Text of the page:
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Rate of Perceived Exertion

Updated: Apr 24


One particular piece of faulty advice that has persisted is that, when you are pregnant, you shouldn’t let your heart rate get above 140 beats per minute. There are a number of things wrong with this perspective. First of all, everyone is different and heart rates can vary person to person. 140 beats per minute can be a walking pace for some and a jogging pace for others. Secondly, it’s a very arbitrary number that doesn’t really inform you as to what is actually best for you and where you’re at. Lorem ipsum dolor sit amet, consectetur adipiscing elit. Ut elit tellus, luctus nec ullamcorper mattis, pulvinar dapibus leo.


So, if this advice doesn’t work, how can you know how to regulate yourself during fitness while you’re pregnant? I’ll tell you – Rate of Perceived Exertion. Never heard of it? Let me fill you in!


The Rate of Perceived Exertion or RPE is how hard you feel like you’re working. If you’re not in tune with your body and what it’s telling you, this can be hard to determine, sometimes, which I why I want you to learn to listen to what your body is saying. If you’re just starting to learn to listen to your body, here’s where to start with RPE:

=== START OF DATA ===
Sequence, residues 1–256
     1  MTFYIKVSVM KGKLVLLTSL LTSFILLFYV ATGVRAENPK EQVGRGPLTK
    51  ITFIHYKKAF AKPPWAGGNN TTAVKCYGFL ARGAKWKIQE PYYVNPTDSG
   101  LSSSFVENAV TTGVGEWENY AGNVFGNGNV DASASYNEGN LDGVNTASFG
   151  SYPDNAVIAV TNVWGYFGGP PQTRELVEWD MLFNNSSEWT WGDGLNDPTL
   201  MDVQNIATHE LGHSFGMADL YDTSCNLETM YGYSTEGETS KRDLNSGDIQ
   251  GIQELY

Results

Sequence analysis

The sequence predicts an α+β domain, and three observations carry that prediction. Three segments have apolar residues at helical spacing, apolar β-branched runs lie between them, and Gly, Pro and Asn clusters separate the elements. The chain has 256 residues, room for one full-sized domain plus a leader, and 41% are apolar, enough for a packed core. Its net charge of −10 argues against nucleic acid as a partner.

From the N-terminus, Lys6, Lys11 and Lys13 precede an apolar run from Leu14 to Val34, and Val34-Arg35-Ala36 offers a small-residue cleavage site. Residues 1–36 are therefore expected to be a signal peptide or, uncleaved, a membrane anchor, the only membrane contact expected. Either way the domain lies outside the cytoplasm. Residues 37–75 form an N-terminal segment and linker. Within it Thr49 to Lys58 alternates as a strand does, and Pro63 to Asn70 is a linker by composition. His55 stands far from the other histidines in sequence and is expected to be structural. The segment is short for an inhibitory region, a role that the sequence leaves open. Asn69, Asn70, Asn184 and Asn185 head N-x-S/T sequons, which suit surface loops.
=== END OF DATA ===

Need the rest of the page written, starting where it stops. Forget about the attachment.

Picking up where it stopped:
When referring to RPE, you may also hear references to the “Talk Test” and you can see the referenced above. During pregnancy, I advise most women not to pass a 7-8 on the RPE scale. I always want you to be able to at least get out a sentence – I don’t want you working to the point that you can’t speak. 


As you work out throughout your pregnancy, keep this chart and talk test in mind. If you exercise with a. buddy, then try to maintain some kind of conversation throughout the time that you’re exercising. If you work out alone, talk to yourself every few minutes and make sure that you can still get out a full sentence. RPE is a great way to self-monitor your exercise during pregnancy!

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